Combustion and propulsion research supports advanced technology development providing continued advancement in small gas turbine engine propulsion, reciprocating engine propulsion, and solid, liquid, and novel gun propulsion technology. The development of high–performance small gas turbine engines requires basic research in turbomachinery stall and surge, as well as advances in CFD simulation. These basic research areas directly contribute to highly loaded, efficient turbomachinery components. This type of research is necessary to meet the integrated high–performance turbine engine technology goals of a 120 percent increase in turboshaft power–to–weight ratio. Reciprocating engine technology research tends to move forward at a more evolutionary pace with advances in ultra–low heat rejection, enhanced air utilization, and cold start phenomena as priority areas. Solid gun propulsion technology requires research priority to be placed on ignition and combustion dynamics and high performance solid propellant charge concepts. Liquid gun propulsion requires priority research in atomization and spray combustion, ignition and combustion mechanisms, and combustion instability, hazards and vulnerability. Novel gun propulsion depends on ECT propulsion, active control mechanisms, and novel ignition mechanisms.

In the combustion and propulsion area, the U.K. and France both demonstrate world–class capabilities in small gas turbine engine development. Canada, Germany, and Japan approach this level of capability in limited areas, but show good potential over the next decade to make significant contributions to small gas turbine power–to–weight ratio improvement. Germany leads in reciprocating engine development technology with Japan also demonstrating world–class capability. Both countries particularly excel in the application of ceramic materials to low heat rejection technology. The U.K. also demonstrates excellent reciprocating engine development capability, with France, Canada, Australia, and South Korea exhibiting good future potential. Russia and Ukraine both have demonstrated mature capability in the past, however, limited resources reflect a declining future potential. Novel gun propulsion technology leadership is still maintained by Russia, however, its future growth potential may be muted. Liquid gun propulsion development technology is led by the U.K., with Japan showing significant potential. Solid gun propulsion development technology is resident in a number of countries, including the U.K., France, Germany, Canada, and Australia. Japan and South Africa both demonstrate significant future potential.

The following highlight a few selected examples of specific facilities engaged in mechanical sciences research:

Europe—Optical Sensing Technologies for Intelligent Composites (OSTIC). The European community organized the OSTIC project to explore the developing field of "smart technologies." The participants include Strathclyde University and AEA Harwell Co. in England, Italy’s CIS and Allenia Corp., EDF in France, and Germany’s MBB Corp. This research is focused on health monitoring by fiber optical embedding in composites, airplane maintenance surveillance systems, signal processing, and neural network processing and device technologies.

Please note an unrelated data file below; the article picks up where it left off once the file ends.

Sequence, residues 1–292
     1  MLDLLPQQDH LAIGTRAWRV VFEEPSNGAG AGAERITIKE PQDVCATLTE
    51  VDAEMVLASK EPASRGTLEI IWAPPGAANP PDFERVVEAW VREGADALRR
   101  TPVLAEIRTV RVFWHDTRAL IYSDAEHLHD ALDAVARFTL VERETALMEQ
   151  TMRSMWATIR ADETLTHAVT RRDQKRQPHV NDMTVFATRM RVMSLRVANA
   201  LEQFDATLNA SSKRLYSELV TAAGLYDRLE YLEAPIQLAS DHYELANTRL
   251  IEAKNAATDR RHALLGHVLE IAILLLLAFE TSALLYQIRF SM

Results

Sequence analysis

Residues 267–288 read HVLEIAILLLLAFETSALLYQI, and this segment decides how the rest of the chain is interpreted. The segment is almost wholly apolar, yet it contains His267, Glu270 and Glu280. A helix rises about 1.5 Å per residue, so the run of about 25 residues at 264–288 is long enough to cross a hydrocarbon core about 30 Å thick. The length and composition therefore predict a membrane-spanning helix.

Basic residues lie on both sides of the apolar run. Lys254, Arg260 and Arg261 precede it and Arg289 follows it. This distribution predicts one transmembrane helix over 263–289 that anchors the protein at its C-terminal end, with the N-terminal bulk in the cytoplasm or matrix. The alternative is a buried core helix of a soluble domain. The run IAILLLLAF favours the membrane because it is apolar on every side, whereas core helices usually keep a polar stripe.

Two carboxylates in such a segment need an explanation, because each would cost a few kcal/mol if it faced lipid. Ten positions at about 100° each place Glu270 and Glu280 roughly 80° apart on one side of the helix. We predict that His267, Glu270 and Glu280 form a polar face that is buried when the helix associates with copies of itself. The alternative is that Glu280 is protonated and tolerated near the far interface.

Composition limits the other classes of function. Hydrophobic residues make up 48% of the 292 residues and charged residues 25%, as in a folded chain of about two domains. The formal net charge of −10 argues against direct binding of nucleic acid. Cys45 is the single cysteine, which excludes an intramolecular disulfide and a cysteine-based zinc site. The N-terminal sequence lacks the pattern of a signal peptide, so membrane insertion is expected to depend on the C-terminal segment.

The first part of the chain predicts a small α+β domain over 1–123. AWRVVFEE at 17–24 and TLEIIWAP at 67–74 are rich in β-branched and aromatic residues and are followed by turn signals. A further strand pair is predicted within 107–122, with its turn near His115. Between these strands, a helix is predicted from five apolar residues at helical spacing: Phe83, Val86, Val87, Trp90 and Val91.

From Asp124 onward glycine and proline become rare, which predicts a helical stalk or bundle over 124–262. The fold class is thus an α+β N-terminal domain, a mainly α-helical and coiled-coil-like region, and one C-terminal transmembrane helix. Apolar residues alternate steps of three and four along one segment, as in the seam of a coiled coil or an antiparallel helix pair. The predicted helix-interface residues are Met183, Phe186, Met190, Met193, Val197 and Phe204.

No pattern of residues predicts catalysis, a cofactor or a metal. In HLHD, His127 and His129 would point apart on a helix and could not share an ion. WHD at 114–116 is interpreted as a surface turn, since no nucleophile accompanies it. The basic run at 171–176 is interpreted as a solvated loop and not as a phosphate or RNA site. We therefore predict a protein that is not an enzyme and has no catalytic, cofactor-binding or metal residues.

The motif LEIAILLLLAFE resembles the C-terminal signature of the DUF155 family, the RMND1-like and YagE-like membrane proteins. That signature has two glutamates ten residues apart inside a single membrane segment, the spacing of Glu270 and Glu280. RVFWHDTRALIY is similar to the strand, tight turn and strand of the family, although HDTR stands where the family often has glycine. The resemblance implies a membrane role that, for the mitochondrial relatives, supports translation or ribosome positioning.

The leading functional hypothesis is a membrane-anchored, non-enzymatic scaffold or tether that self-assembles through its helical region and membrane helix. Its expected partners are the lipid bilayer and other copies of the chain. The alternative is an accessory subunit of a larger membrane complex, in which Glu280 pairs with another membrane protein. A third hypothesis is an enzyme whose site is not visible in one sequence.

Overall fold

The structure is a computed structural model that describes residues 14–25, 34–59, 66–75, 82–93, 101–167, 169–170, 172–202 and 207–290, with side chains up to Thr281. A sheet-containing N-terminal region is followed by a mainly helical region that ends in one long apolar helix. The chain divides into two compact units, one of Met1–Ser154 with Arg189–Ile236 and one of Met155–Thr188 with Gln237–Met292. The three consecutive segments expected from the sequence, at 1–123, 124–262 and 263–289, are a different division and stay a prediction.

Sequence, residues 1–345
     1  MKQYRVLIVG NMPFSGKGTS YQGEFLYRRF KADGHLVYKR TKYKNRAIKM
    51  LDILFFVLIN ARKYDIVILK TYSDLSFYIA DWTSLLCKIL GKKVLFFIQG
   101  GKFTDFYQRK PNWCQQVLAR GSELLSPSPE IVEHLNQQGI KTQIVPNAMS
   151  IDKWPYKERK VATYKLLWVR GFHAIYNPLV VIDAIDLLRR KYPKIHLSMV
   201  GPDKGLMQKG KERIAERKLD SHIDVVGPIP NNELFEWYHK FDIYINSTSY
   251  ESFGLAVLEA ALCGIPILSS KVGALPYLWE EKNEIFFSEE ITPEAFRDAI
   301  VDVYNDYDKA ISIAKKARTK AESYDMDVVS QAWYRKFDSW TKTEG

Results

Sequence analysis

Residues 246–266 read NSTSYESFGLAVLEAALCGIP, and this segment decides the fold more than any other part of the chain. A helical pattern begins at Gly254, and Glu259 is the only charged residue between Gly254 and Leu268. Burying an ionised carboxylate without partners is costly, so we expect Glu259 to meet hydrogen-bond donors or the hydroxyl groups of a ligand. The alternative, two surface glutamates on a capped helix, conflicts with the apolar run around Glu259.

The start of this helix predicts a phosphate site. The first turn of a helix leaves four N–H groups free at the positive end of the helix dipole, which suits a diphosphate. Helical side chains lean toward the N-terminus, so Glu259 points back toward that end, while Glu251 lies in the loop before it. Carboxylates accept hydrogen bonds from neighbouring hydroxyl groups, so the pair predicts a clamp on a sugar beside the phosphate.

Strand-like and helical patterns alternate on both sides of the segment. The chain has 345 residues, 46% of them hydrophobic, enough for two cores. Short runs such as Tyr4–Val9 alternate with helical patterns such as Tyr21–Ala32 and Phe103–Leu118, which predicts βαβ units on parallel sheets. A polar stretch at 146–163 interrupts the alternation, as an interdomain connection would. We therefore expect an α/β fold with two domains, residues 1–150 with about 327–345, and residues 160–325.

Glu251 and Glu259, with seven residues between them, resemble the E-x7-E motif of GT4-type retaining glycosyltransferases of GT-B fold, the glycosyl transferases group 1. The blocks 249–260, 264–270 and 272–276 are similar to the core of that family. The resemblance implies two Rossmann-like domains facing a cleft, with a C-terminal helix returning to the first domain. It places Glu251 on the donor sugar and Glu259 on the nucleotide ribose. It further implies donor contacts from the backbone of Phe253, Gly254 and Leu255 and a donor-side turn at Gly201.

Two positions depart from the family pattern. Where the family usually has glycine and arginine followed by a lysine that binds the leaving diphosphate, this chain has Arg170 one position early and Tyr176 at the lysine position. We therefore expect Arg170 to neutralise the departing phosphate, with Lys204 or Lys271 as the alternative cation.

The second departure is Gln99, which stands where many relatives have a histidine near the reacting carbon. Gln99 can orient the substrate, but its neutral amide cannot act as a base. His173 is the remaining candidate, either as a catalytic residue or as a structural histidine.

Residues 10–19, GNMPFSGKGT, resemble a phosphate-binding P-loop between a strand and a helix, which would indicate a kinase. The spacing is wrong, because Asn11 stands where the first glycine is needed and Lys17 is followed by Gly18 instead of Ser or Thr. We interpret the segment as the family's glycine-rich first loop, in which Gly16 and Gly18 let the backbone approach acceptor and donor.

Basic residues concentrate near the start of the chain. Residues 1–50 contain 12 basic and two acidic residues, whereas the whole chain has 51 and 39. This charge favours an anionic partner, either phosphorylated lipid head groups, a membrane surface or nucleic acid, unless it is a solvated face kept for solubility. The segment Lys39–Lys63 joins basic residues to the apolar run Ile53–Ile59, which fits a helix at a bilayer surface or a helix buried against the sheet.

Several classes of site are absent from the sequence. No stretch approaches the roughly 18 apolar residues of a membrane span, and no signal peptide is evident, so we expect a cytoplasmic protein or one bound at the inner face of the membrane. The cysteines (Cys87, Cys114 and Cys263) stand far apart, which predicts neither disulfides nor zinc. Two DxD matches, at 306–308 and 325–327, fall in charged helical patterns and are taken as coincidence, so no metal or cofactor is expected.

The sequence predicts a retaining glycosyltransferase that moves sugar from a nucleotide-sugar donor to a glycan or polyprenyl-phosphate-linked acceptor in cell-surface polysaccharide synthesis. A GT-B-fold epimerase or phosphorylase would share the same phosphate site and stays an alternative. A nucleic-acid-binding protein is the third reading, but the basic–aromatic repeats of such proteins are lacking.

Germany—German Aerospace Research Establishment (DLR)The DLR constitutes seven research centers and 26 institutes. Its mission is to develop new technologies, perform scientific investigations, and test materials and equipment s in cooperation with numerous national and international industries and universities. Specific institutes include the Institute of Fluid Mechanics, the Institute of Structural Mechanics, and the Institute for Structures and Design. Its basic research focus is on aviation, space flight, and energy technology. Current research includes studies in structural control in relation to vibrational control for space structures, fixed–wing planes, and helicopters.

France—Aerospatiale Space and Defense. Aerospatiale has expertise in the field of computational fluid mechanics. In particular, it excels at numerical modeling of rarefied gases, modeling of moving bodies, and modeling of viscous reactive flows for complex geometries not in chemical or vibrational equilibrium. Aerospatiale is responsible for proposing and carrying out design analysis on such systems as launchers, missiles, satellites, and space capsules. Research projects are multidisciplinary and are typically about 10 years in duration.

Japan—Engineering Research Association for a Supersonic/Hypersonic Transport Propulsion System ProjectThe Japanese government’s New Energy and Industrial Technology Development Organization established a project which has the goal of developing the technologies needed for the production of a supersonic commercial jetliner that has a low–noise propulsion system, good fuel consumption, low levels of exhaust emissions, and has the ability to reach speeds of Mach 5. Its research is focused on ramjets, high–performance turbojets, measurement and control systems, and ultra–high–temperature generators.

United Kingdom—Aerophysics, Defense Evaluation and Research Agency (DERA)Aerophysics is a part of the DERA Weapon Systems Sector. It executes a coordinated program of R&D in the areas of aerophysics and hypersonic flows. Within the section, an integrated group of experimental and computational scientists and engineers, with a wide variety of technical expertise and backgrounds, work closely together. Notable ongoing research is in the field of plasma aerodynamics. A joint U.K. DERA/Ministry of Defense (MoD) research initiative to examine FSU claims of significant drag reduction with applications to aircraft and missiles is currently under way.